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Mucosal Immunol. 2011 Nov;4(6):603-11. doi: 10.1038/mi.2011.41. Epub 2011 Oct 5.

Secretory IgA's complex roles in immunity and mucosal homeostasis in the gut.

Author information

1
Division of Infectious Diseases, Wadsworth Center, New York State Department of Health, Albany, New York, USA. nmantis@wadsworth.org

Abstract

Secretory IgA (SIgA) serves as the first line of defense in protecting the intestinal epithelium from enteric toxins and pathogenic microorganisms. Through a process known as immune exclusion, SIgA promotes the clearance of antigens and pathogenic microorganisms from the intestinal lumen by blocking their access to epithelial receptors, entrapping them in mucus, and facilitating their removal by peristaltic and mucociliary activities. In addition, SIgA functions in mucosal immunity and intestinal homeostasis through mechanisms that have only recently been revealed. In just the past several years, SIgA has been identified as having the capacity to directly quench bacterial virulence factors, influence composition of the intestinal microbiota by Fab-dependent and Fab-independent mechanisms, promote retro-transport of antigens across the intestinal epithelium to dendritic cell subsets in gut-associated lymphoid tissue, and, finally, to downregulate proinflammatory responses normally associated with the uptake of highly pathogenic bacteria and potentially allergenic antigens. This review summarizes the intrinsic biological activities now associated with SIgA and their relationships with immunity and intestinal homeostasis.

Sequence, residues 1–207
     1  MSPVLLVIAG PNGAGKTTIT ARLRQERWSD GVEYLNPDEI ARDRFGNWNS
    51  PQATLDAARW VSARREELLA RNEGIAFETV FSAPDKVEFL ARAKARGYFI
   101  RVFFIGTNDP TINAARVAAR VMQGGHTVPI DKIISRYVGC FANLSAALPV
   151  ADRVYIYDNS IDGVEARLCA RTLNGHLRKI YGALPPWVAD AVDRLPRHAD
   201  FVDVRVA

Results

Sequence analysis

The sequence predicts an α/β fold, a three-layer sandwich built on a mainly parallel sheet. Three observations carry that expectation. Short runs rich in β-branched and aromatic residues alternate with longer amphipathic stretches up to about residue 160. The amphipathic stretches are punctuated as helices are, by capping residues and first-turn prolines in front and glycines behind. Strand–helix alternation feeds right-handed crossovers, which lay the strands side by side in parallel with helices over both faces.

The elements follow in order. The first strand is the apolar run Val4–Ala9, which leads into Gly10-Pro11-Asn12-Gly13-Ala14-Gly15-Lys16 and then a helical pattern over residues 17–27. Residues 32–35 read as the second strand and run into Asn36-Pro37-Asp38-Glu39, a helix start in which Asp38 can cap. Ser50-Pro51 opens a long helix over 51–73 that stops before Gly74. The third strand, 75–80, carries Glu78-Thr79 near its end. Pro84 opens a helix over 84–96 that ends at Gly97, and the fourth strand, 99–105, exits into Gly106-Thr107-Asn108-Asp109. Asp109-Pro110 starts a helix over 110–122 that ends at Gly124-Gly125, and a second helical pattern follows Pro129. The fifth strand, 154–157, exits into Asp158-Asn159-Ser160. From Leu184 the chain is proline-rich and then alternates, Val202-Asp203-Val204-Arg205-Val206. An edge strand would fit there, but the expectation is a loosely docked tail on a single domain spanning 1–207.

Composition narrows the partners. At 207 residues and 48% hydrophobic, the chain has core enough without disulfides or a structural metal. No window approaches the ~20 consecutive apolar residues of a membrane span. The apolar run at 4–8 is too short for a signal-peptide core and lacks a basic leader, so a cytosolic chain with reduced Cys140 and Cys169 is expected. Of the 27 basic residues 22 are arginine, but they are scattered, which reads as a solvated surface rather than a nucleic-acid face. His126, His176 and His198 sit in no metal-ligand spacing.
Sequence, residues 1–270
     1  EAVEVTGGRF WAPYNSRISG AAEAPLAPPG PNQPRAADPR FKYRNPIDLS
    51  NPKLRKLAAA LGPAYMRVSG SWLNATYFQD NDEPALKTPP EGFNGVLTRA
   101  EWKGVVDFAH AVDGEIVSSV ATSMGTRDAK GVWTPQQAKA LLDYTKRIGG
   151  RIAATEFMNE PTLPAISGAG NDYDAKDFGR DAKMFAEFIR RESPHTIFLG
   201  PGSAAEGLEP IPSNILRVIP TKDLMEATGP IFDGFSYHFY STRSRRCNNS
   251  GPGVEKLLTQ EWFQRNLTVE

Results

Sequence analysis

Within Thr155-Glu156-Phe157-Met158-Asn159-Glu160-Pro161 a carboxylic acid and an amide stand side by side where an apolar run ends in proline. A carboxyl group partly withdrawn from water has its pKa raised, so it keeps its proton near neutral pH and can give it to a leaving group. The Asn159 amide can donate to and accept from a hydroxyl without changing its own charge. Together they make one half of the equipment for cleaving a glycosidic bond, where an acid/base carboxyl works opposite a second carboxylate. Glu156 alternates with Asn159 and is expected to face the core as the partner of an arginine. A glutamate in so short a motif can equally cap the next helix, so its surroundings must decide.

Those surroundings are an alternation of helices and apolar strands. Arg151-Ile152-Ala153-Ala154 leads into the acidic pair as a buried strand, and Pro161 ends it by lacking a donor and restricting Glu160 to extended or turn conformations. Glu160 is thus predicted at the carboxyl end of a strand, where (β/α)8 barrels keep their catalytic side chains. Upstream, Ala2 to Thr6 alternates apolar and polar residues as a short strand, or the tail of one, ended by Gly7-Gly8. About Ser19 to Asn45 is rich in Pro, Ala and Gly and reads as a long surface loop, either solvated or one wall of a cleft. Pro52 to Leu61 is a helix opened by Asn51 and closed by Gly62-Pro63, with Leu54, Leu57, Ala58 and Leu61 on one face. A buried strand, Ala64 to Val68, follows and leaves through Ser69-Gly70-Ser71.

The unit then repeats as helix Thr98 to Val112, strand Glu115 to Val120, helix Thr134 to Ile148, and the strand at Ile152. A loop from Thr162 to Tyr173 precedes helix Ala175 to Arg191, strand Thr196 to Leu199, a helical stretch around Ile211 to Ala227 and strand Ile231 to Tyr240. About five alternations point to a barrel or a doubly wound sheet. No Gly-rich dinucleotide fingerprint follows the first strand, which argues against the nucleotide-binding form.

PMID:
21975936
PMCID:
PMC3774538
DOI:
10.1038/mi.2011.41
[Indexed for MEDLINE]
Free PMC Article

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